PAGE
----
Pakistan Stops Indian President from Using its Airspace

  • India's President Ram Nath Kovind is going to Iceland from Delhi on September 8.
  • Pakistan's Federal Minister for Aviation, Ghulam Sarwar Khan, said that "we are considering closing Pakistani airspace for Indian Airlines."
  • Pakistan had opened its airspace for 72 hours, to allow Indian Prime Minister Narendra Modi to attend a summit in Bishkek, Kyrgyzstan, but Modi did not accept.

Pakistan today refused to allow Indian President Ram Nath Kovind to use its airspace. Pakistan’s Federal Minister for Aviation, Ghulam Sarwar Khan, made the announcement on Saturday. The Indian Foreign Ministry asked for permission from Pakistan in connection with Kovind’s trip to Europe.

Kovind is going to Iceland from Delhi on September 8. His plane was to fly through Pakistani airspace for this trip, and India requested permission from Pakistan’s Foreign Ministry.

Ram Nath Kovind is an Indian politician currently serving as the 14th and current President of India. A former member of the BJP, Kovind had previously served as Governor of Bihar, from 2015-17.

Talking to media representatives in Peshawar, Pakistan’s Federal Minister for Aviation said that the Indian President will not be able to use Pakistan’s airspace to travel to Iceland nor to return from Iceland. Khan has warned that every flight to and from India will be banned from using Pakistani airspace.

Pakistan’s Foreign Minister, Shah Mehmood Qureshi, said in his statement, “the Indian president had sought permission to use Pakistan’s airspace to travel to Iceland but we decided not to permit him. The decision has been taken in view of India’s behavior.” Qureshi added, “they are not providing basic facilities to Kashmir  people, and we will not allow the Indian president to use our airspace.” Khan also said that “we are considering closing Pakistani airspace for Indian Airlines.”

A federal government official, who is aware of these matters, said on condition of anonymity that the government wants to give the diplomatic strategy a chance, but in the event of failure, it is possible Pakistani airspace will be closed for Indian Airlines.

It should be noted that before the recent tension in India-administered Kashmir, Pakistan had opened its airspace for 72 hours, to allow Indian Prime Minister Narendra Modi to attend a summit in Bishkek, Kyrgyzstan. Modi did not accept this offer despite a prior request from the Indian government.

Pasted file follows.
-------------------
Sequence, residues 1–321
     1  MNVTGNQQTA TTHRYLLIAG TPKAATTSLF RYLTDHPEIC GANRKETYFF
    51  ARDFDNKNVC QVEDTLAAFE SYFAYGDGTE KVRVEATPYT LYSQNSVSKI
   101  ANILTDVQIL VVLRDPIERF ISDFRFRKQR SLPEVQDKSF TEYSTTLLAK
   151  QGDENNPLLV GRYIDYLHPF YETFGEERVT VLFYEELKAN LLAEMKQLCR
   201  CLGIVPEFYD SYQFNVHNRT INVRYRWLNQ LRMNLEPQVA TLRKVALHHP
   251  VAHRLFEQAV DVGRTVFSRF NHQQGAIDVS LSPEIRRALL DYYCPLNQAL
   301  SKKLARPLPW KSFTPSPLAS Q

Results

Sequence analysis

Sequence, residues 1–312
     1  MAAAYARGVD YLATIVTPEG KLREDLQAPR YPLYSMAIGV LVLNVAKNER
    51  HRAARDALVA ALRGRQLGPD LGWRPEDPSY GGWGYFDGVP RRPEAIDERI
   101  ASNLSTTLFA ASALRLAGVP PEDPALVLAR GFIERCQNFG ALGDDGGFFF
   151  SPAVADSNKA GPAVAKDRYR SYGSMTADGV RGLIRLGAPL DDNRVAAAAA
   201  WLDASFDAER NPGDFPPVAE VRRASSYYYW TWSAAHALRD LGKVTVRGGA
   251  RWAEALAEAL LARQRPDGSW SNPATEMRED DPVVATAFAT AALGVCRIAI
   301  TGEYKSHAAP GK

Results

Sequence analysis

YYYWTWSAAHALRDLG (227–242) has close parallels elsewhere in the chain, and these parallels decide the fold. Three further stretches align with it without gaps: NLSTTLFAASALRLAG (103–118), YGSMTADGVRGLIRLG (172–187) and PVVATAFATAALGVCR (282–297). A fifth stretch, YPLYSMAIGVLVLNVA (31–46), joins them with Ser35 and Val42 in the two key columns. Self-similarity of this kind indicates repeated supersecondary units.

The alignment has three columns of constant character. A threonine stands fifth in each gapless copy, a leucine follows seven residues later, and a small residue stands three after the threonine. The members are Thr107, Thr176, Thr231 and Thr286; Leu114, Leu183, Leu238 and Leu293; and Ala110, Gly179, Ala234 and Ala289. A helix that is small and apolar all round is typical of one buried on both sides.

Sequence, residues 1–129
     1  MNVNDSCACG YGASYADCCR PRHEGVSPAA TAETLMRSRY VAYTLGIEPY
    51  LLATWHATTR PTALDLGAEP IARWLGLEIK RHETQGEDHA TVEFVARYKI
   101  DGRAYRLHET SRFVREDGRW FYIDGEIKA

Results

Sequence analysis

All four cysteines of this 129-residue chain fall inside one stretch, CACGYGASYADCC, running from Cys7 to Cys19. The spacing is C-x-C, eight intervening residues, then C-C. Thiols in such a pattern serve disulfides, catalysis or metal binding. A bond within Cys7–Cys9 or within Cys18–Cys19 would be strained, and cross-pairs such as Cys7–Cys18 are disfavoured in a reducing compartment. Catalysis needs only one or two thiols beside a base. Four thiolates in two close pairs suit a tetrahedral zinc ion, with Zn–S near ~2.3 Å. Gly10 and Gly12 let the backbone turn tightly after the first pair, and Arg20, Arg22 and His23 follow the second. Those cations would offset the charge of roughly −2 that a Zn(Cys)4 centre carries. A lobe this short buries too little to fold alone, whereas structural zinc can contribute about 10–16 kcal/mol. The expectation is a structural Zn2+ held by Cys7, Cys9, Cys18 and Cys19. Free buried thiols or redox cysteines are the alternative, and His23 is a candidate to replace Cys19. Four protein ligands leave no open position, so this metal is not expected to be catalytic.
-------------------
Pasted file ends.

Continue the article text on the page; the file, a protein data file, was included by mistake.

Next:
Kashmir is the northernmost geographical region of the Indian subcontinent. Until the mid-19th century, the term “Kashmir” denoted only the Kashmir Valley between the Great Himalayas and the Pir Panjal Range. Today, it denotes a larger area that includes the Indian-administered territory of Jammu and Kashmir (which includes the divisions Jammu, Kashmir Valley, and Ladakh), the Pakistani-administered territories of Azad Kashmir and Gilgit-Baltistan, and Chinese-administered territories of Aksai Chin and the Trans-Karakoram Tract.

At a press briefing on August 7, a spokesman for Pakistan’s Foreign Office said that no decision had been made regarding the closure of Pakistan’s airspace for Indian Airlines. Foreign Office spokesman, Dr. Mohammad Faisal, said the highest level of consideration had been given in this regard and was “one of several options under consideration.”

Pakistan reopened its airspace for all commercial flights in July after a four-and-a-half-month closure. During these months, Pakistan’s airspace was completely closed, but was later partially opened. Pakistan’s move affected a large number of global flights. The tension between Islamabad and New Delhi was similar to that in the spring of this year, shortly after the deadly bombing in Pulwama, India-administered Jammu, and Kashmir, but it only escalated further.

On August 5, when Prime Minister Modi’s government announced the abolition of the special constitutional status of India-administered Jammu and Kashmir, it also said that the territory would be divided into two more parts (Ladakh and Jammu. Kashmir), and into Union Territories of India.

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Joyce Davis

My history goes back to 2002 and I  worked as a reporter, interviewer, news editor, copy editor, managing editor, newsletter founder, almanac profiler, and news radio broadcaster.


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